Permanent Residents of Canada must provide a clear photocopy of both sides of the Permanent Resident card.
All applicants must complete an online application form and pay the application fee to be considered for admission to UBC.
|Fees||Canadian Citizen / Permanent Resident / Refugee / Diplomat||International|
|Installments per year||3||3|
|Tuition per installment||$1,732.53||$3,043.77|
|Tuition per year|
(plus annual increase, usually 2%-5%)
|Int. Tuition Award (ITA) per year (if eligible)||$3,200.00 (-)|
|Other Fees and Costs|
|Student Fees (yearly)||$1,052.34 (approx.)|
|Costs of living (yearly)||starting at $17,126.20 (check cost calculator)|
Applicants to UBC have access to a variety of funding options, including merit-based (i.e. based on your academic performance) and need-based (i.e. based on your financial situation) opportunities.
All full-time students who begin a UBC-Vancouver PhD Mathematics program in September 2018 or later will be provided with a funding package of at least $24,256 for each of the first four years of their PhD. The funding package may consist of any combination of internal or external awards, teaching-related work, research assistantships, and graduate academic assistantships.
All applicants are encouraged to review the awards listing to identify potential opportunities to fund their graduate education. The database lists merit-based scholarships and awards and allows for filtering by various criteria, such as domestic vs. international or degree level.
Graduate programs may have Teaching Assistantships available for registered full-time graduate students. Full teaching assistantships involve 12 hours work per week in preparation, lecturing, or laboratory instruction although many graduate programs offer partial TA appointments at less than 12 hours per week. Teaching assistantship rates are set by collective bargaining between the University and the Teaching Assistants' Union.
Many professors are able to provide Research Assistantships (GRA) from their research grants to support full-time graduate students studying under their direction. The duties usually constitute part of the student's graduate degree requirements. A Graduate Research Assistantship is a form of financial support for a period of graduate study and is, therefore, not covered by a collective agreement. Unlike other forms of fellowship support for graduate students, the amount of a GRA is neither fixed nor subject to a university-wide formula. The stipend amounts vary widely, and are dependent on the field of study and the type of research grant from which the assistantship is being funded. Some research projects also require targeted research assistance and thus hire graduate students on an hourly basis.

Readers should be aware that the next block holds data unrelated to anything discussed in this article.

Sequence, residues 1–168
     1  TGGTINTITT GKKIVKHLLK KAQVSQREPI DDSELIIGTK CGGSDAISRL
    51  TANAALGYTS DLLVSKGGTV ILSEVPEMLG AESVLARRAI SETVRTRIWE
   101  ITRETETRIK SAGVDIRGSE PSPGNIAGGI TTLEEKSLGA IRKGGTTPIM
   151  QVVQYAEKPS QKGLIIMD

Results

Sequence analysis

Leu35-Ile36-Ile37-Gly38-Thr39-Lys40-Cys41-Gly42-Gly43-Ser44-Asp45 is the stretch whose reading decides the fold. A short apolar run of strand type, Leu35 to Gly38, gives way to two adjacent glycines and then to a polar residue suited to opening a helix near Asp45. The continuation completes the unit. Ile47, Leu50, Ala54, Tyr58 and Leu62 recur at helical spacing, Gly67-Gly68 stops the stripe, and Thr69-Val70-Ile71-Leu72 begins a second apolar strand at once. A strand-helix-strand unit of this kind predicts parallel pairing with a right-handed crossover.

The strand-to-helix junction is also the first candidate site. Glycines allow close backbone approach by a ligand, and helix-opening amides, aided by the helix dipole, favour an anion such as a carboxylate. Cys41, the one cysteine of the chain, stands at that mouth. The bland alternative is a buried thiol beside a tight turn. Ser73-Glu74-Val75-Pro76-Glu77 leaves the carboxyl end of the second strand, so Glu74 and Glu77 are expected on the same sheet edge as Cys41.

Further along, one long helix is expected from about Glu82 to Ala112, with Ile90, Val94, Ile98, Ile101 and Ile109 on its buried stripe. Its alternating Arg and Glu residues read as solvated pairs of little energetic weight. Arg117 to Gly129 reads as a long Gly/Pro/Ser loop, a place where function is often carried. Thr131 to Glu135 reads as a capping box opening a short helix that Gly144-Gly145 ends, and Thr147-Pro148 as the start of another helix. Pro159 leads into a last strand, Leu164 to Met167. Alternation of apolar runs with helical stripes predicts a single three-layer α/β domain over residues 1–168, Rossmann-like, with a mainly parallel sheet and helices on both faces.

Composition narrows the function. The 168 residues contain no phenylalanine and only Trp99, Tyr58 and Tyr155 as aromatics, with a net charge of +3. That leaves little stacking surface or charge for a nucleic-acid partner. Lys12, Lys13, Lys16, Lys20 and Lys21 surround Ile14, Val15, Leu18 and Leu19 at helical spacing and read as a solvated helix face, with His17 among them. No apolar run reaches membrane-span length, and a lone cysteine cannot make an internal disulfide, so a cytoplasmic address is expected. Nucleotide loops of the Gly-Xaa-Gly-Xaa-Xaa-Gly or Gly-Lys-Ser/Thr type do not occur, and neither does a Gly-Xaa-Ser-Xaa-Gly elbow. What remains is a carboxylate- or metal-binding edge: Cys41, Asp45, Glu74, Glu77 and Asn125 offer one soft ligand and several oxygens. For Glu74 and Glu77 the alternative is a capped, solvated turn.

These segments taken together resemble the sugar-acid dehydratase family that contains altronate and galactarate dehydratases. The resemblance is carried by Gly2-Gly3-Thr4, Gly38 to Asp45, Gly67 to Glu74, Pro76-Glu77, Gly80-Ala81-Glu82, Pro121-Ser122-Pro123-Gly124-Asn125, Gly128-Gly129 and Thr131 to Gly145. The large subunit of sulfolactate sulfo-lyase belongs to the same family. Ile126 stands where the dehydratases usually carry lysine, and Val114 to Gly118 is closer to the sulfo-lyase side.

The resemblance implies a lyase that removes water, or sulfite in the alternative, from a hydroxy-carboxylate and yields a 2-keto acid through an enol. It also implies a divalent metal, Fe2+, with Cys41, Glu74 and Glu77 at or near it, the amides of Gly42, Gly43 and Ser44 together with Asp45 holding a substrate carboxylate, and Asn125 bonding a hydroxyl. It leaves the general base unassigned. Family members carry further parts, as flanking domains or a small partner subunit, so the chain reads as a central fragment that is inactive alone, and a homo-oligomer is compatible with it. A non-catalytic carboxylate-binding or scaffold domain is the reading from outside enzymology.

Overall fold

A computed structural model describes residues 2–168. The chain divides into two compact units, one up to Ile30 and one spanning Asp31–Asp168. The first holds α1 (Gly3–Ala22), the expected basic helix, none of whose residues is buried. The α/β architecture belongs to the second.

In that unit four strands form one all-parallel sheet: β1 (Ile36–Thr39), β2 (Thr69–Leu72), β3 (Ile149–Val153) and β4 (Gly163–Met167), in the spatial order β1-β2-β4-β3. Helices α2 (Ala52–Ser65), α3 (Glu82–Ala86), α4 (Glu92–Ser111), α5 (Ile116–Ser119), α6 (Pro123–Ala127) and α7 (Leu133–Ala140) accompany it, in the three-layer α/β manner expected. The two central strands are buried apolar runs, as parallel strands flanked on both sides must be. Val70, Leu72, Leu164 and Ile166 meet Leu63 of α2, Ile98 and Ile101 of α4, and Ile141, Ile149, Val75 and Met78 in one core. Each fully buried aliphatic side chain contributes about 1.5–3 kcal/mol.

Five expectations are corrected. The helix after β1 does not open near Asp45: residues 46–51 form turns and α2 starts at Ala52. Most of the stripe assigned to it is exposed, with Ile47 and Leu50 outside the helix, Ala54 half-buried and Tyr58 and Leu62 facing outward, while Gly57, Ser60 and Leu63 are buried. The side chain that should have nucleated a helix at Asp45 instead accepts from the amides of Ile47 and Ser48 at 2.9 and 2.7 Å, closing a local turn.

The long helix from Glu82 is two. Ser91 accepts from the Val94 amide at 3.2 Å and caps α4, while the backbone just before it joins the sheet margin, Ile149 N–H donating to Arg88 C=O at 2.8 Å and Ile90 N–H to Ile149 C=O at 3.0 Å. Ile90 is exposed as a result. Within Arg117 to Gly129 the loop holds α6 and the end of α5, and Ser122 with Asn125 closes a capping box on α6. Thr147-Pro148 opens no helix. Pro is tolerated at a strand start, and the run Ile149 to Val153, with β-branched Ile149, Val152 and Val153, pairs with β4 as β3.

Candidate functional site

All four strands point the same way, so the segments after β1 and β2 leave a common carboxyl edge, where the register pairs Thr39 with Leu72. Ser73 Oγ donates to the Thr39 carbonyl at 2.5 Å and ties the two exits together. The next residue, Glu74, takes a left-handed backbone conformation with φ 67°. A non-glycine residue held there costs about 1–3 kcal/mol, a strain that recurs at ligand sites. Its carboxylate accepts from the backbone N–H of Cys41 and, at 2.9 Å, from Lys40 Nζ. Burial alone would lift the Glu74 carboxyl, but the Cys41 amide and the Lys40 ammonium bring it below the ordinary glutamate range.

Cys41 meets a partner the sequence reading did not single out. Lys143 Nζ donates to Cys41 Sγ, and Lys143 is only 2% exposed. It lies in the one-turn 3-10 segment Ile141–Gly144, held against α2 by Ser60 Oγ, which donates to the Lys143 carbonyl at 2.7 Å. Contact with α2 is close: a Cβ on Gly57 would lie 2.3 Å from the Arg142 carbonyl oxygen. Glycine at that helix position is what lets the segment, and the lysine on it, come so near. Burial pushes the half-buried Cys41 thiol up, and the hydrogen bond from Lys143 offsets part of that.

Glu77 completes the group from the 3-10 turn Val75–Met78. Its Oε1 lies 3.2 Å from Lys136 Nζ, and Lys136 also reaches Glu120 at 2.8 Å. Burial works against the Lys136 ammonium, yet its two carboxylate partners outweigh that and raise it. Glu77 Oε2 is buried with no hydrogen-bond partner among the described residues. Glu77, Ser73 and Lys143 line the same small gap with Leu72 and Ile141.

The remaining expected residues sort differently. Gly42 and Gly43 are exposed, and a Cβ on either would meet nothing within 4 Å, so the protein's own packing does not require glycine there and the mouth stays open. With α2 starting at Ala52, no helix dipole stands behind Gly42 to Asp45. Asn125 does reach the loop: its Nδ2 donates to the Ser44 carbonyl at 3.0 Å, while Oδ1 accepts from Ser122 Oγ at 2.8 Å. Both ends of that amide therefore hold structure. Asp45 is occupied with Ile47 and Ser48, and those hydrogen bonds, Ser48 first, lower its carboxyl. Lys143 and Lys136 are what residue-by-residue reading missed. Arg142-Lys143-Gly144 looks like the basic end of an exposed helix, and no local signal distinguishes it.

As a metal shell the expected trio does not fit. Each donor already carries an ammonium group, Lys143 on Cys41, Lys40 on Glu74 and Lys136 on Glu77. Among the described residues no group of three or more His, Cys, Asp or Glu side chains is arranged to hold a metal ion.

Canadian and US applicants may qualify for governmental loans to finance their studies. Please review eligibility and types of loans.
All students may be able to access private sector or bank loans.
Many foreign governments provide support to their citizens in pursuing education abroad. International applicants should check the various governmental resources in their home country, such as the Department of Education, for available scholarships.
The possibility to pursue work to supplement income may depend on the demands the program has on students. It should be carefully weighed if work leads to prolonged program durations or whether work placements can be meaningfully embedded into a program.
Canadian residents with RRSP accounts may be able to use the Lifelong Learning Plan (LLP) which allows students to withdraw amounts from their registered retirement savings plan (RRSPs) to finance full-time training or education for themselves or their partner.
Please review Filing taxes in Canada on the student services website for more information.
Applicants have access to the cost calculator to develop a financial plan that takes into account various income sources and expenses.
88 students graduated between 2005 and 2013: 1 is in a non-salaried situation; for 19 we have no data (based on research conducted between Feb-May 2016). For the remaining 68 graduates:
These statistics show data for the Doctor of Philosophy in Mathematics (PhD). Data are separated for each degree program combination. You may view data for other degree options in the respective program profile.